• Interviews - Is there any written guidance for interviewers or interview panels? If so, check that guidance in relation to age-related issues. If not, consider preparing guidance and giving training to ensure age discrimination compliance.

Contracts of Employment and Policies

  • Retirement clauses – Check whether there is a contractual normal retirement age of 65 and if not, think about changing it to 65.
  • Benefits – Check whether qualification for benefits is based on length of service. If so, see if the business can take advantage of the various exemptions that might apply.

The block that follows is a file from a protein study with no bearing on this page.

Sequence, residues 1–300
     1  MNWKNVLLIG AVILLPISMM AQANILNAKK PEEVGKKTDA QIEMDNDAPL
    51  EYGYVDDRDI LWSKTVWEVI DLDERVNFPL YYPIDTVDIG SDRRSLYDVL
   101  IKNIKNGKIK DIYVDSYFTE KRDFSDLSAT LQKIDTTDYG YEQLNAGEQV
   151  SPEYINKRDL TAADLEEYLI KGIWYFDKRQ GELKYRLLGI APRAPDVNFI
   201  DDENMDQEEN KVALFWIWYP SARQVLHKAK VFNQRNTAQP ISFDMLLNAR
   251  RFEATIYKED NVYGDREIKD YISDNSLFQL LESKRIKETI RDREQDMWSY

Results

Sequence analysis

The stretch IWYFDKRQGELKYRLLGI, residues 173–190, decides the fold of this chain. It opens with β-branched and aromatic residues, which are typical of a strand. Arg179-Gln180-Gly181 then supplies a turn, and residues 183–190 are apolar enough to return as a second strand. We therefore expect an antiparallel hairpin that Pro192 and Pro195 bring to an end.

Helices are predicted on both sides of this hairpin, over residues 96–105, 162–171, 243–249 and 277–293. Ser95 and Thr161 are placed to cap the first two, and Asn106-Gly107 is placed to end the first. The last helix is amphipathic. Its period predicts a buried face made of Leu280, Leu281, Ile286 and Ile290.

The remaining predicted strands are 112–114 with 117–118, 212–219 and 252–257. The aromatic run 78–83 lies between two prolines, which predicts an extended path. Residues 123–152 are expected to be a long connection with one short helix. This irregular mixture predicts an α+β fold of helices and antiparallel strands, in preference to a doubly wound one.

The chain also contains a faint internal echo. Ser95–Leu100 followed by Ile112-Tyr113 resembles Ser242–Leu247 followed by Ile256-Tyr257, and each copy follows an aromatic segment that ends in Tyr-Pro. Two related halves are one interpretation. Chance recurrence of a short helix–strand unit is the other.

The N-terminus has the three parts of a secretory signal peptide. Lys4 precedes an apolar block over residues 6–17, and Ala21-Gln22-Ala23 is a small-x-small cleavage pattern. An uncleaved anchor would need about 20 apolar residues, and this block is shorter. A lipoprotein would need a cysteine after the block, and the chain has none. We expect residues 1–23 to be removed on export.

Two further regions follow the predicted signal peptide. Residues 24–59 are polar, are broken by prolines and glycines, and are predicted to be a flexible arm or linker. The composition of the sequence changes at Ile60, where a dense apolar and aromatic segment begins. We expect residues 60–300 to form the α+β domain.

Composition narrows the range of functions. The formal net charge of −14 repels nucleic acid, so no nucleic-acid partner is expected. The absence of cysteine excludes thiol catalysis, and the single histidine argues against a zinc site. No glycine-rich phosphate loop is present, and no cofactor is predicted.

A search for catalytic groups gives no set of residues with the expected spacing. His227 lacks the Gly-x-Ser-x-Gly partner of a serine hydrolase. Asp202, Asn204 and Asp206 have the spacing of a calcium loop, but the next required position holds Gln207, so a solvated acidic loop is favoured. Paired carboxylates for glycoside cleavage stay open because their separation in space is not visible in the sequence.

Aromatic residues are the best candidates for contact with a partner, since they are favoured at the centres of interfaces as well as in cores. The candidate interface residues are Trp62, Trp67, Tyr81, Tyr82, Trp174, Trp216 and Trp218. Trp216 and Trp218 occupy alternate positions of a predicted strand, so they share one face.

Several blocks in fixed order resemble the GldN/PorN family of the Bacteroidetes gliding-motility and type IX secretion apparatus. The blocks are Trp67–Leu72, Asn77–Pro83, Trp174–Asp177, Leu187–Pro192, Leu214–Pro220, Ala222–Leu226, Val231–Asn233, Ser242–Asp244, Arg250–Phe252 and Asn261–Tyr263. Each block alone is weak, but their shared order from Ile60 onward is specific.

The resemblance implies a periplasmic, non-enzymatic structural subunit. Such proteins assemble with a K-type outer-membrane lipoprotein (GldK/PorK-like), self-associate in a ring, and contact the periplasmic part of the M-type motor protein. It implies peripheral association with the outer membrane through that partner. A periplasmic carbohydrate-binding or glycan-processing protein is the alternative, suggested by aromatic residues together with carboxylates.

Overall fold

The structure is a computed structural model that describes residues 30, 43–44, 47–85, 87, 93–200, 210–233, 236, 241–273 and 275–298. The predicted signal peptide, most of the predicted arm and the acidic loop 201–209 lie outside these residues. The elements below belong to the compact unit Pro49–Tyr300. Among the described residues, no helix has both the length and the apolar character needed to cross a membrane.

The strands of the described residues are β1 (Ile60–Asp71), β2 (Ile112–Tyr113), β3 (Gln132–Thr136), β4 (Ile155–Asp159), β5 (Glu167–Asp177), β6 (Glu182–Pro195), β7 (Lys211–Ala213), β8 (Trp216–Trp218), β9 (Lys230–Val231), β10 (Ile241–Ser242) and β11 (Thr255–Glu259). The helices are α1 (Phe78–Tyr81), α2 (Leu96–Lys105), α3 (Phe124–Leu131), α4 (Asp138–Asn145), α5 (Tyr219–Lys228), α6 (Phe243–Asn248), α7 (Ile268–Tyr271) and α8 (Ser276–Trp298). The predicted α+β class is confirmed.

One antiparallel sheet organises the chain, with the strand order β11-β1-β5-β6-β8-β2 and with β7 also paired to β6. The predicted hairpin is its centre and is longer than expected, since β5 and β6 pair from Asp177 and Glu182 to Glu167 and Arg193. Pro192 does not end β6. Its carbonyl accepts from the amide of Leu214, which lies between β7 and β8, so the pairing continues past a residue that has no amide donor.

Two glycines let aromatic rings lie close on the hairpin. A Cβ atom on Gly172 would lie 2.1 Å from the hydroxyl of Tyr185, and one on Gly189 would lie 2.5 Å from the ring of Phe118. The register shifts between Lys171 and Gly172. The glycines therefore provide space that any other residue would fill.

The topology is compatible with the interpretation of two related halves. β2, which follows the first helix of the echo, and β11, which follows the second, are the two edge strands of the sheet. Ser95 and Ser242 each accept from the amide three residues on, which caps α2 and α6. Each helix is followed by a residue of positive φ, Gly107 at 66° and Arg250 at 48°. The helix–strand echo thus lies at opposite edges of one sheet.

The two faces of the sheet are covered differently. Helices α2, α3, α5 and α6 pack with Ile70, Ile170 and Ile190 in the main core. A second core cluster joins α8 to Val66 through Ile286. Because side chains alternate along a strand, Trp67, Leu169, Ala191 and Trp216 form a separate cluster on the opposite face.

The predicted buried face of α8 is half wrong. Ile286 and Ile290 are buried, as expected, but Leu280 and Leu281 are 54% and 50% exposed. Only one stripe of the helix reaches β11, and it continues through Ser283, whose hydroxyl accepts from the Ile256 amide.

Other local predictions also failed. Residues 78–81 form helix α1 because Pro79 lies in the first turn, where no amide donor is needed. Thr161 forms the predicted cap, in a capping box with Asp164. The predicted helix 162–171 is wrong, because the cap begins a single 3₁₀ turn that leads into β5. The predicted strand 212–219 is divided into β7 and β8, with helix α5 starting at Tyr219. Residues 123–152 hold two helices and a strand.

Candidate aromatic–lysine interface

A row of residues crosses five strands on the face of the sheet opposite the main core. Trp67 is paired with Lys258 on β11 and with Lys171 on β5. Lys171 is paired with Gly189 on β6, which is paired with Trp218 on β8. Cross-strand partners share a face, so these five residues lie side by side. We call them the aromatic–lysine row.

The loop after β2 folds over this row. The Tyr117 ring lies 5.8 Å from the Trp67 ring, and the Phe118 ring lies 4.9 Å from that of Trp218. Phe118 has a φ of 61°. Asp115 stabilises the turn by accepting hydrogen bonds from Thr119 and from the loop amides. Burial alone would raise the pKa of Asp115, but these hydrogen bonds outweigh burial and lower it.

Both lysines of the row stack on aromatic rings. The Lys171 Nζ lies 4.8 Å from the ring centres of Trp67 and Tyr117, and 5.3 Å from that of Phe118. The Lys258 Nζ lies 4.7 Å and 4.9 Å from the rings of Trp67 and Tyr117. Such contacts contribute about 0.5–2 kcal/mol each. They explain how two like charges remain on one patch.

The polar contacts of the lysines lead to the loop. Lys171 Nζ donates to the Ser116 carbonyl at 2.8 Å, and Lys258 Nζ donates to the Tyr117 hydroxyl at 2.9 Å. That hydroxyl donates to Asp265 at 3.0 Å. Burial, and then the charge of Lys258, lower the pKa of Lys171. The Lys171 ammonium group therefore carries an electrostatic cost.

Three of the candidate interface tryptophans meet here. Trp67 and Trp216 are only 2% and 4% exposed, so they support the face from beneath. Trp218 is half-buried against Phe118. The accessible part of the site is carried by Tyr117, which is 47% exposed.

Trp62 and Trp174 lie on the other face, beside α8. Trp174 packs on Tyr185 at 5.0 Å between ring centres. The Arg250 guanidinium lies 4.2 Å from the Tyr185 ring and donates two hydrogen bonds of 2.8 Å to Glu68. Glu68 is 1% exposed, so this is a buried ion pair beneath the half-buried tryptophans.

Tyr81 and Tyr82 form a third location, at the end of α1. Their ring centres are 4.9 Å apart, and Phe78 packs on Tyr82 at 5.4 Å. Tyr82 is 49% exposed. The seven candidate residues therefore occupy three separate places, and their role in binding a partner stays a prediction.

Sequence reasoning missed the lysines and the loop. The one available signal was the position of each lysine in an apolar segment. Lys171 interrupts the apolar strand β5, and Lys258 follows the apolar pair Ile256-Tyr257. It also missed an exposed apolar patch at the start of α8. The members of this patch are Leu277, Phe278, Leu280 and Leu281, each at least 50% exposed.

• Bonus schemes and share schemes - Check whether any scheme differentiates between "good leavers" and "bad leavers" and whether retirement age is used as a "good leaver" criterion. This is likely to be discriminatory.
  • Retirement policy – Any existing retirement policy will need updating to include the new retirement obligations on employers.
  • Redundancy policy – Any reference to age or length of service as a criteria for selection for redundancy should generally be avoided.
  • Equal opportunities and diversity policies – these policies, including any anti-harassment or bullying policy, must be amended to prohibit discrimination, harassment or bullying on the grounds of age.
  • Training - employers should give up-to-date training to managers on equal opportunities with a specific focus on age related issues.

An edited version of this article first appeared in People Management online in September 2006.